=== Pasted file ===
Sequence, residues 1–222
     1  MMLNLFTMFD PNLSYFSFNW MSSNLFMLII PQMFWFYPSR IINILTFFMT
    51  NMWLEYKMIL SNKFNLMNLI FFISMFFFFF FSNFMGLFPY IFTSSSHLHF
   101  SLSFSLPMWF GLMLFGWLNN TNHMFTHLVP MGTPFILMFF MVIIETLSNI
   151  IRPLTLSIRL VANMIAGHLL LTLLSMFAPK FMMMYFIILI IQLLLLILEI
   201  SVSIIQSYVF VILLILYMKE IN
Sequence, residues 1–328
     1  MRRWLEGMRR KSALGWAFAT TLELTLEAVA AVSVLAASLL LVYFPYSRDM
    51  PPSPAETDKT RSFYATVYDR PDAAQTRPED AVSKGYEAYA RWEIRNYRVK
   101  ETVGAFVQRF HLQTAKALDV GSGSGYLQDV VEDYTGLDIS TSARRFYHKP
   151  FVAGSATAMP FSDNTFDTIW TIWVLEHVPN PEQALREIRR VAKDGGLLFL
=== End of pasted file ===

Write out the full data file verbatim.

Sequence, residues 1–222
     1  MMLNLFTMFD PNLSYFSFNW MSSNLFMLII PQMFWFYPSR IINILTFFMT
    51  NMWLEYKMIL SNKFNLMNLI FFISMFFFFF FSNFMGLFPY IFTSSSHLHF
   101  SLSFSLPMWF GLMLFGWLNN TNHMFTHLVP MGTPFILMFF MVIIETLSNI
   151  IRPLTLSIRL VANMIAGHLL LTLLSMFAPK FMMMYFIILI IQLLLLILEI
   201  SVSIIQSYVF VILLILYMKE IN
Sequence, residues 1–328
     1  MRRWLEGMRR KSALGWAFAT TLELTLEAVA AVSVLAASLL LVYFPYSRDM
    51  PPSPAETDKT RSFYATVYDR PDAAQTRPED AVSKGYEAYA RWEIRNYRVK
   101  ETVGAFVQRF HLQTAKALDV GSGSGYLQDV VEDYTGLDIS TSARRFYHKP
   151  FVAGSATAMP FSDNTFDTIW TIWVLEHVPN PEQALREIRR VAKDGGLLFL